Allergies:

Sulfa drugs – rash

Past Medical History (PMH):

1.) Emphysema with recent exacerbation 1 month ago – deferred admission – RX’d with outpatient antibiotics and hand held nebulizer treatments.

2.) Hypertension – well controlled

3.) Gastroesophageal reflux (GERD) – quiet, on no medication

4.) Osteopenia

5.) Allergic rhinitis

Past Surgical History (PSH):

1.) Cholecystectomy 1994

2.) Total abdominal hysterectomy (TAH) 1998

Sexual/Reproductive History:

Heterosexual Differential Diagnosis for Skin Conditions

G1P1A0

Non-menstruating – TAH 1998

Personal/Social History:

She has smoked 2 packs of cigarettes daily x 30 years; denied ETOH or illicit drug use.

Immunization History:

Her immunizations are up to date. She received the influenza vaccine last November and the Pneumococcal vaccine at the same time.

Significant Family History:

Two brothers – one with diabetes, dx at age 65, and the other with prostate CA, dx at age 62. She has one daughter in her 30s, healthy, living in nearby neighborhood. Differential Diagnosis for Skin Conditions

Lifestyle:

She is retired, has been widowed x 8 years, and lives in the city in a moderate crime area with good public transportation. She is a college graduate, owns her home, and receives a pension of $50,000 annually – financially stable.

She has a primary care nurse practitioner provider and goes for annual and routine care twice annually and as needed for episodic care. She has medical insurance but often asks for drug samples for cost savings. She has a healthy diet and eating pattern. There are resources and community groups in her area at the senior center that she attends regularly. She enjoys bingo. She has a good support system composed of family and friends.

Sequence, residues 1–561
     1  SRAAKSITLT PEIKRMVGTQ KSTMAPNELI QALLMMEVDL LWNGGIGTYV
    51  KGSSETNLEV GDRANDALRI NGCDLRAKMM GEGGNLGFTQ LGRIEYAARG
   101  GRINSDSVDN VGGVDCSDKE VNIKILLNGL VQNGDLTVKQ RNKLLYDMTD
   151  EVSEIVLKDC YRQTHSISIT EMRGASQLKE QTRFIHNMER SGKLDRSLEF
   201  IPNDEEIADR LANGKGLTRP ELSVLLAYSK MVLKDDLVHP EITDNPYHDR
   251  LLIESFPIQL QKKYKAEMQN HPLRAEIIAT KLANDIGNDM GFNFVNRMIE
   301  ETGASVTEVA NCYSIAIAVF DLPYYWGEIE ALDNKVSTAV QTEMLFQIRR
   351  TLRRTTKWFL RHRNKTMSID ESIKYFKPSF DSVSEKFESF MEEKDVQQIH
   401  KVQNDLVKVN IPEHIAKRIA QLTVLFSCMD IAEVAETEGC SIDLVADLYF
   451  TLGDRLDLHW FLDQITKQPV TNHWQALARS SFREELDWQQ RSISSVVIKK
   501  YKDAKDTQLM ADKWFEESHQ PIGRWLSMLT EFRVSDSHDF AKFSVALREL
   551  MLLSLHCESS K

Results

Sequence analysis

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Review of Systems:

General: + fatigue since the illness started; + fever, no chills or night sweats; no recent weight gains of losses of significance Differential Diagnosis for Skin Conditions

HEENT: No changes in vision or hearing; she does wear glasses, and her last eye exam was 1 ½ years ago. She reported no history of glaucoma, diplopia, floaters, excessive tearing, or photophobia. She does have bilateral small cataracts that are being followed by her ophthalmologist. She has had no recent ear infections, tinnitus, or discharge from the ears. She reported her sense of smell is intact. She has not had any episodes of epistaxis. She does not have a history of nasal polyps or recent sinus infection. She has a history of allergic rhinitis that is seasonal. Her last dental exam was 3/2014. She denied ulceration, lesions, gingivitis, gum bleeding, and has no dental appliances. She has had no difficulty chewing or swallowing.

Neck: No pain, injury, or history of disc disease or compression. Her last Bone Mineral density (BMD) test was 2013 and showed mild osteopenia, she said. Differential Diagnosis for Skin Conditions

Breasts: No reports of breast changes. No history of lesions, masses, or rashes. No history of abnormal mammograms.

Respiratory: + cough and sputum production (see HPI); denied hemoptysis, no difficulty breathing at rest; + dyspnea on exertion; she has history of COPD and community acquired pneumonia 2012. Last PPD was 2013. Last CXR – 1 month ago.